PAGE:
Are You Having A Hard Time After Having A Baby?
Do you ever feel lonely or disconnected in your relationship or marriage – as if you and your partner are merely two strangers passing in the night?
Has the passion and friendship you once experienced taken a backseat to the daily stress of pursuing a career, raising kids, and managing finances?
Perhaps you still love your partner like crazy, but all the defensiveness, criticism, contempt, and resentment—it’s just too overwhelming. Or maybe your relationship or marriage is in crisis and you’re thinking, It’s either couples therapy or wait until this implodes.
You could be struggling with loneliness and missing your family, old friends, or co-workers because of the isolating nature of motherhood.
Or maybe you are stuck in a loop of guilt and hopelessness and find yourself feeling tearful, irritable, anxious, or depressed often.
You may be overwhelmed with having to live by social media standards which could be making you feel like you don’t measure up.
Perhaps you want to ask for help but are ashamed to reach out to others because you think they may be judgmental or critical.
Constantly focusing and caring for your baby’s needs can be emotionally exhausting. You might find yourself lacking focus and sleep-deprived all the time because you are up frequently breastfeeding your baby. Making things more difficult, you might be experiencing increased anxiety from worries that you will accidentally hurt your baby, such as, “what if I drop her?”
And if you experienced birth complications, such as long labor, an emergency C-section, or excessive blood loss, you may be worried about the physical changes to your body after delivery. You could be wondering why other moms look and feel amazing after birth and you do not, and whether a lengthy physical recovery could affect your relationship with your baby.
If you baby had to stay at NICU for some time you had to endure stress and uncertainty of the situation and suffer from the separation with your newborn. NICU stay can be long or short but is always frightening and emotionally draining for new parents. Unfortunately, NICU mothers have much higher risks of developing postpartum complications including postpartum depression, anxiety, and PTSD.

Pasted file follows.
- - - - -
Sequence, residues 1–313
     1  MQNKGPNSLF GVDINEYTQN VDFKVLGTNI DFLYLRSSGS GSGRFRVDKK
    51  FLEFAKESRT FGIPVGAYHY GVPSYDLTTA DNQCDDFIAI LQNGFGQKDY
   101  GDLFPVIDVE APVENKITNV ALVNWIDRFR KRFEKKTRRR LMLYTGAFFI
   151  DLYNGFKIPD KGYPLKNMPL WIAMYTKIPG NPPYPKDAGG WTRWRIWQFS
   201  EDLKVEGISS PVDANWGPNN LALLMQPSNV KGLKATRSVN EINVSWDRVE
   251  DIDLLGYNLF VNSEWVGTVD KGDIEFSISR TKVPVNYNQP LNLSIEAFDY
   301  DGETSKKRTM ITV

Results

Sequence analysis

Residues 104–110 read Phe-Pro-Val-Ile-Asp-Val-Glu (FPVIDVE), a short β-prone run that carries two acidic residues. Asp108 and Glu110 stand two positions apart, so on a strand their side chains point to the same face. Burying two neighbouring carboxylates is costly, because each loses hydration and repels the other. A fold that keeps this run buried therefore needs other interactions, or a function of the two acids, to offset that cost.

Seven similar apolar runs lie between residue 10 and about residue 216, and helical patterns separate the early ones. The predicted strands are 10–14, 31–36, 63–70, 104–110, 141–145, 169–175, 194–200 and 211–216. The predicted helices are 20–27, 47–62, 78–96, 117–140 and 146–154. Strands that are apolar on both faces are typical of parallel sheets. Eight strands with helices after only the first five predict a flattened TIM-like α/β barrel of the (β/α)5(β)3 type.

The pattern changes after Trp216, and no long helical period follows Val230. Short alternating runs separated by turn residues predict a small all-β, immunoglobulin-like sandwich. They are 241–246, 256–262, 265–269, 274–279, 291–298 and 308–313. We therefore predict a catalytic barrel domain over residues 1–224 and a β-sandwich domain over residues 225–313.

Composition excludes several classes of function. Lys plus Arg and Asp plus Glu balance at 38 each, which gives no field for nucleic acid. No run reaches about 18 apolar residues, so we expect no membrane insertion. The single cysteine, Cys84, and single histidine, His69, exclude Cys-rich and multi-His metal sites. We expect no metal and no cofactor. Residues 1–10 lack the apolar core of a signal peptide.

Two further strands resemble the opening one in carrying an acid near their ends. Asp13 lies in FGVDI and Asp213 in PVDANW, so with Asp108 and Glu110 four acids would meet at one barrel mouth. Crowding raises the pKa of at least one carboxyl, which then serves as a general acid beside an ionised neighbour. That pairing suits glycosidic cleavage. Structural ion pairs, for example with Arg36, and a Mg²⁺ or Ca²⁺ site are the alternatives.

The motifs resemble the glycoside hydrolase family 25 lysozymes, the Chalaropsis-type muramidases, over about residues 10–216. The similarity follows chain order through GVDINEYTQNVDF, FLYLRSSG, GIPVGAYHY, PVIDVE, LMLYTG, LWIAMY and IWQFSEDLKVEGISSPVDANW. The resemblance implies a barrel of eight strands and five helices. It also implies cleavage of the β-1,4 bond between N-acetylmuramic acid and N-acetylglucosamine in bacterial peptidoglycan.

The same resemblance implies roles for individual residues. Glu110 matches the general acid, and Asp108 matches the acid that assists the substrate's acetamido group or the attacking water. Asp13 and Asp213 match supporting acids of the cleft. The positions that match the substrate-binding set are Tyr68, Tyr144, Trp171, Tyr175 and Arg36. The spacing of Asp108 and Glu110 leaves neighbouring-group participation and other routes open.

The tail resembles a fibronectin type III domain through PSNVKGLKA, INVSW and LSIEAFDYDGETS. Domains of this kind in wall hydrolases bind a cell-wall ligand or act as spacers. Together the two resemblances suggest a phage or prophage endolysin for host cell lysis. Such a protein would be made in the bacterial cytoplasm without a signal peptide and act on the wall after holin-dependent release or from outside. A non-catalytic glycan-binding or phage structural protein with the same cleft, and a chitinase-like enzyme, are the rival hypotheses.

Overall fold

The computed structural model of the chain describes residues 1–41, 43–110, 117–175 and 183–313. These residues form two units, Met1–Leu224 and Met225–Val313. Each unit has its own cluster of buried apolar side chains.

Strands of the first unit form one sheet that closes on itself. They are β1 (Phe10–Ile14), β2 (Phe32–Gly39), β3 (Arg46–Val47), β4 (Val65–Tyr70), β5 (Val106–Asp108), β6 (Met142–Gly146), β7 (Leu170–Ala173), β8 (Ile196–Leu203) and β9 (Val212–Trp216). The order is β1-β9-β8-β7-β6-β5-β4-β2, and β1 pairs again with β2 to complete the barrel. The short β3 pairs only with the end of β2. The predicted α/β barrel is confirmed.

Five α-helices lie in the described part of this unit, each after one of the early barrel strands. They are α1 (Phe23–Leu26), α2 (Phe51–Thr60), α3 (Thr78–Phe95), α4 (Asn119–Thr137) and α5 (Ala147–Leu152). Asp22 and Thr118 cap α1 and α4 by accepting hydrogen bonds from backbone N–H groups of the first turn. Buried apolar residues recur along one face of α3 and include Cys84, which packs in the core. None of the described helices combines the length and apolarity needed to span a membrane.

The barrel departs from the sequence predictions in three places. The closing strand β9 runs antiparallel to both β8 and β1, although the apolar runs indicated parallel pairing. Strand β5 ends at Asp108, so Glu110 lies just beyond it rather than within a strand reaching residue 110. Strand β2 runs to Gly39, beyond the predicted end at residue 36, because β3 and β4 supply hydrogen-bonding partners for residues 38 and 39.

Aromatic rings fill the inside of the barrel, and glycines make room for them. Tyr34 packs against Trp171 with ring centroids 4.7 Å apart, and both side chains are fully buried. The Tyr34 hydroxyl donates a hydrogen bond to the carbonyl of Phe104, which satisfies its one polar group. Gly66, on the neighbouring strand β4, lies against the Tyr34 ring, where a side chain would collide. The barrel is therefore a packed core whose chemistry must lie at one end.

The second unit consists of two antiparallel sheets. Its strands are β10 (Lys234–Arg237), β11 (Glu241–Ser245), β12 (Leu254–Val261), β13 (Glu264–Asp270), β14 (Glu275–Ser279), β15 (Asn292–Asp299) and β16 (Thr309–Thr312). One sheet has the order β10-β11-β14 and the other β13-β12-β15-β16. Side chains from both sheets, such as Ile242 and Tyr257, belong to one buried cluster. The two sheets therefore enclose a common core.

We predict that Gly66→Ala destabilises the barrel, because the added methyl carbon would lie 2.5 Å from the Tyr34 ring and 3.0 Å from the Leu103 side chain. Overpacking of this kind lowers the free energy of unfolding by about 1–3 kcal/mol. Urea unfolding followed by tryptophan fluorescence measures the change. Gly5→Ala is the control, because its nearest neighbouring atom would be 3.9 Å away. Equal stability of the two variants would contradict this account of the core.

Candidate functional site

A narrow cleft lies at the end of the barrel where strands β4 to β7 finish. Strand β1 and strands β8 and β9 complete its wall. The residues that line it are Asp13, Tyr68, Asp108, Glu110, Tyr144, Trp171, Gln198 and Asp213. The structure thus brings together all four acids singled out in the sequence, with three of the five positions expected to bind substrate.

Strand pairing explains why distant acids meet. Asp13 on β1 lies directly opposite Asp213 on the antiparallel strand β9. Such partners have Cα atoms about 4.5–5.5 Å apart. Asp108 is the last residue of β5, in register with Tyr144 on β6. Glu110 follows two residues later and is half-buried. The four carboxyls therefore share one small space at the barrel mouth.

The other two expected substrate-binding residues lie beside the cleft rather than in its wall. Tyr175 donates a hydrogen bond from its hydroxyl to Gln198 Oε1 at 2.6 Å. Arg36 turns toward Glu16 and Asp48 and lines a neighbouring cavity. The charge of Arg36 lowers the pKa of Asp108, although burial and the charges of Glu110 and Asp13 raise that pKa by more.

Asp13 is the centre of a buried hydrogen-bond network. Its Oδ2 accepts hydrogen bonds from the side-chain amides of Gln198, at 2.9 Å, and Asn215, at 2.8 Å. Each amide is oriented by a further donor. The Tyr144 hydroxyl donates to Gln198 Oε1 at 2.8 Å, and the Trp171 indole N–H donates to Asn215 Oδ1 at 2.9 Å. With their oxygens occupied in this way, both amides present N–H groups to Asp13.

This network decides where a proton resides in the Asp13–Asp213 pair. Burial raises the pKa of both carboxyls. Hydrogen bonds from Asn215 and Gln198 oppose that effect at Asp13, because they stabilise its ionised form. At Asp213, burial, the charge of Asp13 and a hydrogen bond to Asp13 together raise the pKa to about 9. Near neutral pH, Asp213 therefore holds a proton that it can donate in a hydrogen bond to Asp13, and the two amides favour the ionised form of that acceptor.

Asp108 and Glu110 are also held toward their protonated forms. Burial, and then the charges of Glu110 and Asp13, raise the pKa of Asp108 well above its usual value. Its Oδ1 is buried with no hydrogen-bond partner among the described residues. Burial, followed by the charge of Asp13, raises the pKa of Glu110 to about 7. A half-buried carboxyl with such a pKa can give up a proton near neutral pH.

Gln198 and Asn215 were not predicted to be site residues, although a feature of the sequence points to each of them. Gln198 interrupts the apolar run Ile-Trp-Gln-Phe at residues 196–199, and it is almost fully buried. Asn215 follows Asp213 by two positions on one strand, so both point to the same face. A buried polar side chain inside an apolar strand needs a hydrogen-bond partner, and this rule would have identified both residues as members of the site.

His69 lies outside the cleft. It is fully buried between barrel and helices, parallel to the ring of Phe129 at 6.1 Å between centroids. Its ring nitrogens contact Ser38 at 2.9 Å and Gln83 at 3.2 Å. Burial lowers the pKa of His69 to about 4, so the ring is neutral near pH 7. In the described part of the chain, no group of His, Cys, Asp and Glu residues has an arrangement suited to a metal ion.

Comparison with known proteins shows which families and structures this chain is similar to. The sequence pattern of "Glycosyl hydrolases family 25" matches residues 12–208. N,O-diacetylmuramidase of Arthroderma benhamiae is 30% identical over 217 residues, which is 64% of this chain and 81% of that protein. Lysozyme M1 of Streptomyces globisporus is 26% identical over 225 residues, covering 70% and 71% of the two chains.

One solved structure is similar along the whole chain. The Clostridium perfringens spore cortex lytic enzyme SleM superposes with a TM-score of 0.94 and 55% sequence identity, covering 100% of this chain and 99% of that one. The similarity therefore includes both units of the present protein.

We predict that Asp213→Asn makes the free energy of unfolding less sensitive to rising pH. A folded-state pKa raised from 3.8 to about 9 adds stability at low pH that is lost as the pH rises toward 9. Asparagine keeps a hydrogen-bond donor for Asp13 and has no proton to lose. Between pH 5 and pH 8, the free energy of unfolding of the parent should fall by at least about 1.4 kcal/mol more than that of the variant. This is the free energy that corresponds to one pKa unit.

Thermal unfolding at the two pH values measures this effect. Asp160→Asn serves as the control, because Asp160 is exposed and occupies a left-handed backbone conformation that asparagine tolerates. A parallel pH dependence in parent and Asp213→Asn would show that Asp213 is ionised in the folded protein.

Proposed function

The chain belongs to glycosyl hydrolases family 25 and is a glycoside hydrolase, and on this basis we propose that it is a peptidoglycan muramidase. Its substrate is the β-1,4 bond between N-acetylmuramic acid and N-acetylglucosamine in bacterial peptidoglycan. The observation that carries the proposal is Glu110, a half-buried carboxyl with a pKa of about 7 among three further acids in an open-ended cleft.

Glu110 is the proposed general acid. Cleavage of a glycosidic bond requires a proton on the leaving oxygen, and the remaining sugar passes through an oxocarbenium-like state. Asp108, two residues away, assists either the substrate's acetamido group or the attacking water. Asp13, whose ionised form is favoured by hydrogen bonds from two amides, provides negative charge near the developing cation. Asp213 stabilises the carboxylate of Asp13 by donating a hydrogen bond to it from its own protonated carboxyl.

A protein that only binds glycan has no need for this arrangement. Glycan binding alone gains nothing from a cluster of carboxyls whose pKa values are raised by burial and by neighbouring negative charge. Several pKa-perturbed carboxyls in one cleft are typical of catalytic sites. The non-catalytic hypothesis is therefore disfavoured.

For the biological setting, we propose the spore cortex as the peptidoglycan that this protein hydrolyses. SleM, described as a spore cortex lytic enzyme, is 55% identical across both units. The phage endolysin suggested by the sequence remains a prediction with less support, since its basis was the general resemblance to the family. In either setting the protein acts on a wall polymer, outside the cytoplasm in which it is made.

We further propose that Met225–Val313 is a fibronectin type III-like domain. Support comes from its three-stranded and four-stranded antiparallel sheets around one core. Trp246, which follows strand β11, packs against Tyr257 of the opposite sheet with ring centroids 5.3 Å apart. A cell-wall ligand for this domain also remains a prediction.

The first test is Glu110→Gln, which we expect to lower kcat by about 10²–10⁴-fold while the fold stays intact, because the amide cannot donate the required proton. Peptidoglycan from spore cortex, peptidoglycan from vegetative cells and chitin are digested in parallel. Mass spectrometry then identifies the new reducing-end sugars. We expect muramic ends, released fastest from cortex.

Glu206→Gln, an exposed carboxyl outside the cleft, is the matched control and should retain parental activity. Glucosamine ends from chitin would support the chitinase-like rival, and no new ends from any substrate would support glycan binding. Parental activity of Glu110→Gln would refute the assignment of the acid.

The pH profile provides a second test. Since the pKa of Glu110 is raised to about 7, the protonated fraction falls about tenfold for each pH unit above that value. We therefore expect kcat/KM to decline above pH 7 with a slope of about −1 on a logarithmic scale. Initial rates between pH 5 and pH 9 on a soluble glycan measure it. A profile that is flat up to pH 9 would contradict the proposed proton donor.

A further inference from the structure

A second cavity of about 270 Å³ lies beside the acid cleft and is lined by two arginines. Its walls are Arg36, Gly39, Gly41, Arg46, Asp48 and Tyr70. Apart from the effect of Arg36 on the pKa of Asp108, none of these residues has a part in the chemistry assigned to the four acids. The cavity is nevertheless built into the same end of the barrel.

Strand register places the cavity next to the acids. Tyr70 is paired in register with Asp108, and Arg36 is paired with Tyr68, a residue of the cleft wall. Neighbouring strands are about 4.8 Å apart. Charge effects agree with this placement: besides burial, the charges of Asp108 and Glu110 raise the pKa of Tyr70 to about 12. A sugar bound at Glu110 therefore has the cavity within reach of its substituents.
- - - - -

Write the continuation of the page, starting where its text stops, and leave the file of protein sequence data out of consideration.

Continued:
Dr. Yulia Koba will provide you with compassionate, empathetic care, safe space where you process your emotions and learn how to enjoy motherhood and bond with your new baby.
It Is Normal To Feel Overwhelmed After Giving Birth
Being a mom is challenging, and it is common for some women to feel afraid, exhausted, and emotionally drained. Eighty percent of new mothers feel down after giving birth, and one in five experience some degree of postpartum depression.¹
While postpartum depression and anxiety are the most commonly recognized complications after giving birth, other difficulties could include mental health issues, such as obsessive-compulsive disorder (OCD), postpartum psychosis, and recovering from emotional trauma after a difficult birth. Many mothers can feel isolated when dealing with these issues, because they may not be aware that postpartum complications are more common than diabetes or thyroid disorders (though much less accepted and treated).
Depression and postpartum complications are not signs of weakness, and they do not make you a bad mom. Those challenges may have developed as a result of changes in hormonal levels or physical or emotional challenges, such as pain after the delivery or increased stress about caring for a new baby.
Even though you know you could use support, the expectation that you should be able to handle everything on your own—and the fear that you will be judged by friends or family—can make it difficult to admit you need help.
Fortunately, a trained postpartum support therapist who specializes in perinatal mental health can help you start feeling like yourself again. You can connect with, care for, and enjoy your new baby, your partner, and your inner self.
Find Validation And Support With Postpartum Depression and Anxiety Treatment.